Eyes Wide Shut (R-Rated Edition)
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So consider, as we settle in to live with this long, advisedly slow, mesmerizing film, how challenging and ambiguous its narrative strategy is. The source is an Arthur Schnitzler novella titled Traumnovelle (or "Dream Story"), and it's a moot question how much of Eyes Wide Shut itself is dream, from the blue shadows frosting the Harfords' bedroom to the backstage replica of New York's Greenwich Village that Kubrick built in England. Its major movement is an imaginative night-journey (even the daylight parts of it) taken by a man reeling from his wife's teasing confession of fantasized infidelity, and toward the end there is a token gesture of the couple waking to reality and, perhaps, a new, chastened maturity. Yet on some level--visually, psychologically, logically--every scene shimmers with unreality. Is everything in the movie a dream? And if so, who is dreaming it at any given moment, and why?
Don't settle for easy answers. Kubrick's ultimate odyssey beckons. And now the dream is yours. --Richard T. Jameson
- Interviews with Tom Cruise, Nicole Kidman and Steven Spielberg
Top Customer Reviews
A few notes about the Blu-Ray disc of "Eyes Wide Shut:"
The Blu-Ray is the unrated version of the film, meaning it does not have those CGI figures added to the orgy scenes to obscure the simulated sex. (The CGI figures were added in order to secure a U.S. theatrical release rating of "R," without Kubrick's input; their only purpose was censorship. The version released on Blu-Ray, which was released theatrically in Europe but until now has not been available in the U.S., restores those shots to the way Kubrick filmed them.)
The Blu-Ray disc contains all of the special features from the standard-definition DVD in the boxed DVD set, and they are interesting enough. The aspect-ratio of the Blu-Ray is 16x9, which is a vast improvement over the old 3x4 DVD, as 16x9 is much closer to the theatrical aspect-ratio for which the film's shots were composed. The High-Definition film transfer is beautiful, pristine, the images luminous and rich. For a film as beautifully photographed as this, in which the texture of the image conveys essential, visceral meaning, the difference between High-Definition and Standard Def might make the difference between fully receiving the film and not.
If you've gone Hi Def and are thinking of buying this to replace your old standard-def 3x4 DVD, by all means do so. Short of a new 35mm print of the unrated version, this Blu-Ray disc -- displayed on a big 1080 set in a dark room, uninterrupted -- is how this challenging and ultimately thrilling film should be seen, and seen again.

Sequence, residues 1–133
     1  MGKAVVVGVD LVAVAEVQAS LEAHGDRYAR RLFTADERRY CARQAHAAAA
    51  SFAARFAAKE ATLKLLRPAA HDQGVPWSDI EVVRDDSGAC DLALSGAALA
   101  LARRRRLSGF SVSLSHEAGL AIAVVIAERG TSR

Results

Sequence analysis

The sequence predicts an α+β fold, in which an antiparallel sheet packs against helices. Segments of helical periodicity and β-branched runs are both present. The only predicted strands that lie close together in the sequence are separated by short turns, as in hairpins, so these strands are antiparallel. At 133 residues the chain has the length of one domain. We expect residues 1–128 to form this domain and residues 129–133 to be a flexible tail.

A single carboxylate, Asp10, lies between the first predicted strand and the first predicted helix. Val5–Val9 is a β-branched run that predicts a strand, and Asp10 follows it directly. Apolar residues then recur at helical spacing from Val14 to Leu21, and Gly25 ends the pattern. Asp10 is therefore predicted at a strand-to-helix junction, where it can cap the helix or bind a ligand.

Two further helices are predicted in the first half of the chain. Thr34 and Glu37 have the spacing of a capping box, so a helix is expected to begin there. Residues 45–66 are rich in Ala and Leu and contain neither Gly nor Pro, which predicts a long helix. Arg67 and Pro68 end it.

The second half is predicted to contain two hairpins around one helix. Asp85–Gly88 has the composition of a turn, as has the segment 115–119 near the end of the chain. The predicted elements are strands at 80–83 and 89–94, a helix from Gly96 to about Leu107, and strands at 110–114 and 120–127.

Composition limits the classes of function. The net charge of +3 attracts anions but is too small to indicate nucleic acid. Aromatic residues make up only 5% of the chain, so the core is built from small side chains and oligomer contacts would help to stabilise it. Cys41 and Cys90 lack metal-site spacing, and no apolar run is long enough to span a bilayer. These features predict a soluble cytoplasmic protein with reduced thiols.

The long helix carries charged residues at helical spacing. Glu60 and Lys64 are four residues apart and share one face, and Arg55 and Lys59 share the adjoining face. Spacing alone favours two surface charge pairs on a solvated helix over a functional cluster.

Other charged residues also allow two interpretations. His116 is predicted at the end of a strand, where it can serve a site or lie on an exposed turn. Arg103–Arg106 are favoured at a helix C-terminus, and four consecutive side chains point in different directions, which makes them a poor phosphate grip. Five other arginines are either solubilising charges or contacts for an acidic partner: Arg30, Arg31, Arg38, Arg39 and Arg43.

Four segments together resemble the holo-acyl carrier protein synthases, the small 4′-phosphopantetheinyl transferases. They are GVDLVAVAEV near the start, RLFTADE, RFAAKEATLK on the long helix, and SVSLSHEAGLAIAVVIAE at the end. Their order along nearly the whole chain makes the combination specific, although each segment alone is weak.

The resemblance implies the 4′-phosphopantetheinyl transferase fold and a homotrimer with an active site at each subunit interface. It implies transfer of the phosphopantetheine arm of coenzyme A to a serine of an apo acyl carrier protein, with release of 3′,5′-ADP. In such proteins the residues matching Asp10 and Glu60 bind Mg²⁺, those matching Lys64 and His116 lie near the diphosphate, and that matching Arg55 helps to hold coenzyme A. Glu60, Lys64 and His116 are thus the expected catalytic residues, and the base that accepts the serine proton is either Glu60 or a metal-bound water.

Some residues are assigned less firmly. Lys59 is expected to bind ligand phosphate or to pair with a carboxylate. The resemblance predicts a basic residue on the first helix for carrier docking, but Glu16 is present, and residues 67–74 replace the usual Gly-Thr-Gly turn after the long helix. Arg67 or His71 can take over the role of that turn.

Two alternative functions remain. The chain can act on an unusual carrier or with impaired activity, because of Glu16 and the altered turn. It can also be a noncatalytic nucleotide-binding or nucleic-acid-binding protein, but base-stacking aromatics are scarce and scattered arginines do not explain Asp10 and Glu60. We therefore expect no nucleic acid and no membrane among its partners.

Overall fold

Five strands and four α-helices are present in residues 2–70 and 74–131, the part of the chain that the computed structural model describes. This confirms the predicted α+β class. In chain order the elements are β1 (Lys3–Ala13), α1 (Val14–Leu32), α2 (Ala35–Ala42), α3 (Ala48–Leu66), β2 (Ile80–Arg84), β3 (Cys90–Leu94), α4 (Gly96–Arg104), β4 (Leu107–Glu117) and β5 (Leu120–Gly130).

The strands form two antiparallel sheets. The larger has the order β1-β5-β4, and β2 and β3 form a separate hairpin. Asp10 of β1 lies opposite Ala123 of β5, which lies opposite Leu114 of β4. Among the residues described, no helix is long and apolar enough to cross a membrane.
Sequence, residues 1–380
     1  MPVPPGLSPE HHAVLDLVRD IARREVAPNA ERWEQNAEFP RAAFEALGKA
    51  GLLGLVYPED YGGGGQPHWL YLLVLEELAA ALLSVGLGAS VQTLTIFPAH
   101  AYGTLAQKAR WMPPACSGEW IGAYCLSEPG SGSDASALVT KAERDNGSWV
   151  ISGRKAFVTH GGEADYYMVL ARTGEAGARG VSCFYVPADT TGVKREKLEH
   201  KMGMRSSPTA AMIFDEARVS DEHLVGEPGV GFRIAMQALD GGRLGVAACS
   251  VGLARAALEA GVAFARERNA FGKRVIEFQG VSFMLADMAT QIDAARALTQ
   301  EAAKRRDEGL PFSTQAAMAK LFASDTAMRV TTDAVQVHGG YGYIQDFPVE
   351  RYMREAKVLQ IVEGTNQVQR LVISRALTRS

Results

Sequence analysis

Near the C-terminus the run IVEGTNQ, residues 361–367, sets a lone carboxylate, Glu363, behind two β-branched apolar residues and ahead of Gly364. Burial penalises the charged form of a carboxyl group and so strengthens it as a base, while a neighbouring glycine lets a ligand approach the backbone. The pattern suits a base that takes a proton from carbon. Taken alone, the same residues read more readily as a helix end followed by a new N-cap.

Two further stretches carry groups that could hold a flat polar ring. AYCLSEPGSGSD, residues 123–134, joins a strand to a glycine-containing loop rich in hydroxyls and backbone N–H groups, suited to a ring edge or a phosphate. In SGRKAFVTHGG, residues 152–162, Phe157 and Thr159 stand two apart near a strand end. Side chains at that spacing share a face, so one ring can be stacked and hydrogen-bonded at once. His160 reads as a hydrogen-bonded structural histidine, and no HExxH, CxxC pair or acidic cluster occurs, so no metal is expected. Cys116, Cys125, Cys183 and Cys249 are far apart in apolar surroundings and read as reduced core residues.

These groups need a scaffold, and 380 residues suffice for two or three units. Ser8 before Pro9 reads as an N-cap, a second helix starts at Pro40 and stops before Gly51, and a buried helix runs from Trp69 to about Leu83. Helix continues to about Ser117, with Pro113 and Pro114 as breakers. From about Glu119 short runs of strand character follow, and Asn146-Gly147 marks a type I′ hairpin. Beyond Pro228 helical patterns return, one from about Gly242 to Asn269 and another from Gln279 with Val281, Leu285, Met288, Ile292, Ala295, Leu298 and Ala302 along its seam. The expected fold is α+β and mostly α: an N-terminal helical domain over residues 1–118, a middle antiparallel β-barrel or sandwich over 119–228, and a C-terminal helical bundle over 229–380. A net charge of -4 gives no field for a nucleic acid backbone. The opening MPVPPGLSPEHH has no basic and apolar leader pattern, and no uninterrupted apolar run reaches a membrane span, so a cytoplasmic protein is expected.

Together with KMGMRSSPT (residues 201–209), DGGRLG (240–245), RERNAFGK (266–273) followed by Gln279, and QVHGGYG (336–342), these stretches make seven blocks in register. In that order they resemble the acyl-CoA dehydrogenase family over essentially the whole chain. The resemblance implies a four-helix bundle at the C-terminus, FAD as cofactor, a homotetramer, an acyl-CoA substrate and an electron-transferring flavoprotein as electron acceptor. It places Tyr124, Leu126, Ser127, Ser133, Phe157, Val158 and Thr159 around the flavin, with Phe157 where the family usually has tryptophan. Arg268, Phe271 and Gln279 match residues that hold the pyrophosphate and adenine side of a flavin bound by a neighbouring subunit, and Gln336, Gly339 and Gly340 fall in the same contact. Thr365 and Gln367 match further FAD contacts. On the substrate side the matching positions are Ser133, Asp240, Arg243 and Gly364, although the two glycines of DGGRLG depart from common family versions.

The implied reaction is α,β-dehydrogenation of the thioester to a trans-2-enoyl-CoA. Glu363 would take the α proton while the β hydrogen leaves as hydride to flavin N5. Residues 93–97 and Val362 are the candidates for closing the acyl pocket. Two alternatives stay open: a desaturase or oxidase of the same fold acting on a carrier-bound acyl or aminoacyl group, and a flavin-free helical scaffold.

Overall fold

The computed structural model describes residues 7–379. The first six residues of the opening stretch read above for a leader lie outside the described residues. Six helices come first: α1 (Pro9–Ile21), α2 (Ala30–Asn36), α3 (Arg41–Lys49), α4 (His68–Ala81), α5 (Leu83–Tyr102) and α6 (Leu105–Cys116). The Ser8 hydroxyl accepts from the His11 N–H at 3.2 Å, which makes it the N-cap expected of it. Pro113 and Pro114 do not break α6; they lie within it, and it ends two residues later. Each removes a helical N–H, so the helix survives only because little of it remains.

The first thing to bear in mind are that this film was hyped way beyond necessity. As if the general public had any interest in the "Kubrick" listed below "Cruise" and "Kidman". To them this was just another Big Actor's next Big Movie. Passing it off like a "real Hollywood couple gets busy on the big screen" heightened expectations for something Kubrick wasn't trying to achieve. It suffered the same audience reaction as The Phantom Menace, and made only a fraction of the money.
Critics seemed to be lining up to take potshots at this film. Why? Recent history shows us that all of Kubrick's films from 2001 onward have been attacked critically, and subsequently hailed as classic years later. The same is true of most of Orson Welles' work. Few critics took the time to see this movie more than once before spewing their venom. A filmmaker like Kubrick is not going for direct emotional contact with the audience. He is aiming far deeper, asking the viewer to reflect on not only the images, but the themes, and the emotional investments of the characters. The subtlety is not something common in today's films, and something critics apparently can't process quick enough to meet a press deadline.
For all those complain that the film isn't sexy or erotic enough are missing the point completely. It's not about sex. It's about many other things, some of which linger in the background, some that aren't noticeable on the initial viewing. Kubrick raises questions about our institution of marriage, the nature of faith, commitment, temptation.Read more ›
Cruise plays Dr. Bill Harford, an attractive, high status, confident male who has always deceived himself about his sexual nature and the nature of women and especially the nature of his wife, Alice. They go to a party and act out some "teasing themselves" roles, as they have undoubtedly done before. Nothing comes of it since they are circumspect people. But the next night Alice decides to strip away her husband's smug confidence about her nature and expose to him the truth about feminine sexuality, and so tells him a little story about how she was moved to abandonment by just a glance from a man in uniform. Her expression is so vivid and powerful that Bill, stunned and shocked, begins to imagine this event that never took place, an event Alice has assured him, might well have taken place.Read more ›
Most Recent Customer Reviews
This is magnificent. This movie has hidden messages where Stanley Kubrick admits his role in the staged NASA lunar moon landing footage from the 1960's. Read morePublished 9 days ago by Goldenhawk
If you only look at the screen the movie is slow paced porn. Watch the movie fromthe point of view of the characters and sympathize with them. Read morePublished 13 days ago by James Kellogg
Loved this dark and ambigeous film -- full of deep commentary on marriage, fidelity, and sexuality.Published 1 month ago by Amazon Customer
Classic Kubrick style. Was actually better than I thought it would be.Published 1 month ago by Amazon Customer
I guess I should have known not to expect something really hot from Cruise and Kidman, .. it's a shame they either didn't have, or wouldn't perform, a better script. Read morePublished 1 month ago by The Judge